Third Circuit: Courts Can’t Grant Witnesses Immunity
Federal judges are out of the witness-immunity business.
Tossing aside decades-old precedent that had been rejected by the other federal courts of appeals, the Third Circuit ruled recently that district judges do not have the power to immunize witnesses whose testimony they deem “essential to the defense case.”
The unanimous decision of the en banc court in United States v. Quinn vests sole discretion for determining witness immunity in the hands of prosecutors.
Quinn was a bank-robbery case. The defendant, who allegedly drove the getaway car, sought the testimony of his codefendant, who had pleaded guilty and was awaiting sentencing. The codefendant invoked his Fifth Amendment right against self-incrimination, and Quinn asked the court to grant the codefendant immunity from prosecution for his testimony, which would have forced him to testify. Quinn based his request on a 1980 case in which the Third Circuit ruled that judges can immunize a witness where necessary to “vindicate the defendant’s constitutional right to a fair trial.”
The district judge denied the request, and Quinn was convicted at trial.
On appeal, Quinn argued that the judge abused her discretion in denying his immunity request. But not only did the en banc court reject Quinn’s argument, it rejected its own precedent, holding that the government, not the court, must determine whether a witness is entitled to immunity.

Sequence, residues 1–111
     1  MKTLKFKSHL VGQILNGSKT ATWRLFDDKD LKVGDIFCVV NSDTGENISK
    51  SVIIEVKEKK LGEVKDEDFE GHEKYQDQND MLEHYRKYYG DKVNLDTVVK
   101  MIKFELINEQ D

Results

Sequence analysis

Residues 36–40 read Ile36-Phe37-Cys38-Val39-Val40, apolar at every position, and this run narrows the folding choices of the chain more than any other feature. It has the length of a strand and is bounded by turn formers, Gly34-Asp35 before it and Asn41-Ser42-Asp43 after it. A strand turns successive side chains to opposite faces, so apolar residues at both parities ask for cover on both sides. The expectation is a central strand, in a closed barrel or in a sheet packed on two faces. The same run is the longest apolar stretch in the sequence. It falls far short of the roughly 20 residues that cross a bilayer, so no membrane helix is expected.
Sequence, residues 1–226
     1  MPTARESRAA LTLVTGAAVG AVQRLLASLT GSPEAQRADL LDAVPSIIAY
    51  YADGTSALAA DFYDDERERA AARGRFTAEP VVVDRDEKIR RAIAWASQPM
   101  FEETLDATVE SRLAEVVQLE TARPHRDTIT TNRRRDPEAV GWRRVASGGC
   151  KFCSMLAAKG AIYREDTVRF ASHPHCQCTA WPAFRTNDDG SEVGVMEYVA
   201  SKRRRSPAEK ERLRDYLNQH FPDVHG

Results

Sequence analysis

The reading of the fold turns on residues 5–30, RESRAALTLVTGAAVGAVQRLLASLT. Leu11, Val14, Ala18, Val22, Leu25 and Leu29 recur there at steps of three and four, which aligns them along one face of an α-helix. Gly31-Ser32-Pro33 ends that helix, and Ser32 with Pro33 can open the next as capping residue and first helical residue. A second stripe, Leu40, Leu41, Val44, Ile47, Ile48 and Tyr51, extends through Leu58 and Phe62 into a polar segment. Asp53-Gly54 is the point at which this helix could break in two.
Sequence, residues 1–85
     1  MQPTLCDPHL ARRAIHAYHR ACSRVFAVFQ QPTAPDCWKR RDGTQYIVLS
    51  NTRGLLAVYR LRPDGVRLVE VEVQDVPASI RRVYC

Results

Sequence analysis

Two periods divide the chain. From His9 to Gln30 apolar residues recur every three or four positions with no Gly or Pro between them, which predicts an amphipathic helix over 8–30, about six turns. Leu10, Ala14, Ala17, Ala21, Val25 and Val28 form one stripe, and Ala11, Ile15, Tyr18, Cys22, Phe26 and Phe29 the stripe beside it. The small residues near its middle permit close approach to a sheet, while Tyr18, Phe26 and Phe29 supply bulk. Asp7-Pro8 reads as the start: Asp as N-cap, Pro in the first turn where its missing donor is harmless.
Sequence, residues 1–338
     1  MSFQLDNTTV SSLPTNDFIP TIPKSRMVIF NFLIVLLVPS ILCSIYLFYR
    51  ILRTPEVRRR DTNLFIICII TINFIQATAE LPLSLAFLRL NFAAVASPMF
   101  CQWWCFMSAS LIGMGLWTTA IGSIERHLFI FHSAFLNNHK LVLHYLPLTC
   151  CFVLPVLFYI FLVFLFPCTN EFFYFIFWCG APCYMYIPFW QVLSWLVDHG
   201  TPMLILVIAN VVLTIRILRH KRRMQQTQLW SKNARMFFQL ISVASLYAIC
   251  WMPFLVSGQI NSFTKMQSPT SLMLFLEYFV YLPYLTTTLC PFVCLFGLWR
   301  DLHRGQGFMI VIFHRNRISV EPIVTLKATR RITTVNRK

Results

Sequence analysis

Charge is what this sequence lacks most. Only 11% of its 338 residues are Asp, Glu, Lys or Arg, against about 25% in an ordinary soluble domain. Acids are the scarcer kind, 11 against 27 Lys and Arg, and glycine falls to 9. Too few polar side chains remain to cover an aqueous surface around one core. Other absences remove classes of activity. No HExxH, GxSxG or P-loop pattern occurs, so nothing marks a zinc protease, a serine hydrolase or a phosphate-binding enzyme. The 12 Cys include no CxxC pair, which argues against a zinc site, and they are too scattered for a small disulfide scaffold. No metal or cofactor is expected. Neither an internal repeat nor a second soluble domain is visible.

“There are good reasons for immunity decisions to reside with the Executive Branch,” the court wrote. “Often the decision to grant or deny immunity impinges on the Government’s broad discretion as to whom to prosecute. . . . Courts are not in the best position to decide these prosecutorial tradeoffs.”
Post-Quinn, defendants in the Third Circuit remain free to argue that government misconduct prevented a witness who invoked the Fifth Amendment from testifying, thus distorting the trial process. If a defendant can make that showing, the court wrote, the government would have the choice to either immunize the witness at a retrial or to drop the charges.
But even in those cases, the prosecutor—not the court—retains the ultimate discretion over who receives immunity.